doing tho business, and In this way
all would gain a little.
Smaller Vegetables and Flowers Can
Hardly Be Covered Too Lightly
With the Soil.
More seeds aro probably killed by
sowing or covering too deeply than
too lightly.
It is no uncommon thing to find
small seeds covered with a quarter
or over half an Inch of soil.
Thousands so deeply sown perish,
gerniB cither never come to llfo at all
or nro quite unequal to coping with
biich a weight of covering earth.
Only tho larger seeds of vegetables
should bo sown from a quarter to ouo
Inch in depth.
Peas, beans and such like seeds may
go underground two or thrco inches
but the smaller vegetables and flower
seeds can hardly bo covered too light
ly, provided they aro covered.
It should alwuyo bo borno in mind
that deep sowing ruins more seeds
than any other fault or mistake.
Implement Is Inexpensive, Easy to Put
Together and Will Give Most
Excellent Results.
A garden plow Is a very useful arti
cle, but many people do not have gar
den enough to make it worth whllo
buying ono. I havo a home-made plow
that I find very UBeful. Any boy
handy with tools can mako ono like
it, writes Fred L. Doty of Mound Val
ley, Kan., in the Farmers Mall and
Drcezo. A and U aro pieces of 2 by 4.
At ono end of U a rectangular holo is
mortised into which A fits and is bolt
ed. The other end of li is mortised
out to form tho forks for tho 12-inch
wheel. Tho whcol is from an old baby
carriage, with the rubber tiro re
moved. This leaves a hollow shaped
Home-Made Garden Plow.
rim which rideB over the ground bet
tor than a flat rim would. D is one
of the tools which may bo used for
cultivation. A small cultivator shovel
will answer tho purpose. Other tools,
for garden working will suggest them
selves to the Ingenuity of the maker.,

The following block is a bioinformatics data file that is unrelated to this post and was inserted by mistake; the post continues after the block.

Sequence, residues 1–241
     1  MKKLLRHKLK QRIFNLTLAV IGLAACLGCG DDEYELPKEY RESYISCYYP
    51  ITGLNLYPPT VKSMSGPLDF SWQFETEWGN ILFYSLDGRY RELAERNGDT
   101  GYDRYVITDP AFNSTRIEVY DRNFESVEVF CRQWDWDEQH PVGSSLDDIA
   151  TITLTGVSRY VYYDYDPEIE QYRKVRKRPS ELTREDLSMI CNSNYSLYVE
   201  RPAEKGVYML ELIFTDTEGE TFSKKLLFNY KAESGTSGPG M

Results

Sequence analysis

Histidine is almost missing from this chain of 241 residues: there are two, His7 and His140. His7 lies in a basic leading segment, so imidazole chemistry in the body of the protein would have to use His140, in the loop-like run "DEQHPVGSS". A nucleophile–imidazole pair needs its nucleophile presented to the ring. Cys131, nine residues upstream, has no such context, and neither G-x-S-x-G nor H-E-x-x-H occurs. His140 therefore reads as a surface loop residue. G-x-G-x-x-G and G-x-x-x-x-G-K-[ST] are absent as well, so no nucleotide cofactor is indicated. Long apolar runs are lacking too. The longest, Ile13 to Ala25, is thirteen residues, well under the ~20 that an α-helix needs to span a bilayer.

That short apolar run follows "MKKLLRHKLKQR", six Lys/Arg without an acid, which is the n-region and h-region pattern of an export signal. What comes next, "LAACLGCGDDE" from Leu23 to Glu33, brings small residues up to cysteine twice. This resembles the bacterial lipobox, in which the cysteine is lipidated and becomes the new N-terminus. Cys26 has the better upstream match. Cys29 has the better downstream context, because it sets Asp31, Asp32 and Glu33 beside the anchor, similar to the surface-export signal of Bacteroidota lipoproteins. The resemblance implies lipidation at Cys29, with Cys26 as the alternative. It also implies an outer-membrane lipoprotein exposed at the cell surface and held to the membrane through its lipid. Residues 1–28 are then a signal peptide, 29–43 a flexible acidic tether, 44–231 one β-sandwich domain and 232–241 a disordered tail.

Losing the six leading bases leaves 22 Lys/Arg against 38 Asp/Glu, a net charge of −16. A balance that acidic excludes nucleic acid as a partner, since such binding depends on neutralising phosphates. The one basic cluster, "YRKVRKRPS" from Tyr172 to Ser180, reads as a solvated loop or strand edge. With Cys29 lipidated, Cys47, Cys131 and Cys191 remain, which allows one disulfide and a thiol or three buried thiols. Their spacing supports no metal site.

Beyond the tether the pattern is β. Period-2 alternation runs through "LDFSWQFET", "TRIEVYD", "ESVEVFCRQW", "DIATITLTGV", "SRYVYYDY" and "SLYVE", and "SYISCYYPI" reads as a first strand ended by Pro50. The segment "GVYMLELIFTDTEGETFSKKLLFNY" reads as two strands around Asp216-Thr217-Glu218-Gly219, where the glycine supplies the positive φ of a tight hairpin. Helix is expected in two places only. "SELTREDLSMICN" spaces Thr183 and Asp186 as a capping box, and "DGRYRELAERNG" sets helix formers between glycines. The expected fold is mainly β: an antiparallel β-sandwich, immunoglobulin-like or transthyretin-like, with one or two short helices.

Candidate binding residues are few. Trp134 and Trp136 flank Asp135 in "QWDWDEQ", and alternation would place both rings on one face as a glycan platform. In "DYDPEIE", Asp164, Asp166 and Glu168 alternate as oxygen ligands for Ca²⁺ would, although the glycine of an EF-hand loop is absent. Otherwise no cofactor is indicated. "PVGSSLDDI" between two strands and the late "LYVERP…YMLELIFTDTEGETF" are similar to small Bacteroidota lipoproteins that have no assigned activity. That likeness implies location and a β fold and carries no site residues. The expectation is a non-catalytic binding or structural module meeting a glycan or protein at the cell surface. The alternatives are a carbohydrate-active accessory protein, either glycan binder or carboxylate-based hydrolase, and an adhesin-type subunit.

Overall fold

Tho two iron strips bolted from A to.
D havo soveral holes at tho upper end;
to mako them adjustable. Tho handle,
braces are also of iron strips. The
handles aro made of soft pine. This
plow doea flno work and one person
can do as much with It as thrco per
sons can with ordinary hooB.
To Prevent Oat Smut
Tho Minnesota method: First, thor
oughly clean the seed by rinsing it
through several waters, taking ono
pound (ono pint) of formalin and
pour into a barrel containing 40 to 45
gallons of water. Place tho grain la
a gunny sack and dip it Into this bar
rel until you aro satisfied that every
grain has been mado wet. Then tako
tho oats out and dry them. Thoy may
be kept for several days bofore they
are sown.
Lease Swellings Alone.
The largo swellings that occasion
ally appear in front of tho knees of
cattle, particularly old cows, Is prop
erly known as hygroma. It is usually
filled with a watery or straw-coloredi
fluid. Opening or othor surgical oper-,
ution is not ndvlsablo, except by a
competent veterinarian. Thoso swell
ings usually do no harm, and most of
tho cases aro moat wisely left alono.
Moving Brood Hen at Night.
Movo your sotting hen at night, and
chnncea nro, if sho Is broody, sho
will keep tho nest you put her on;
whereas if changed during tho day
tlmo sho is very npt not to act.
Cutting Injured Trees.
Trees Injured by freezing very often
need to bo sevcroly cut back.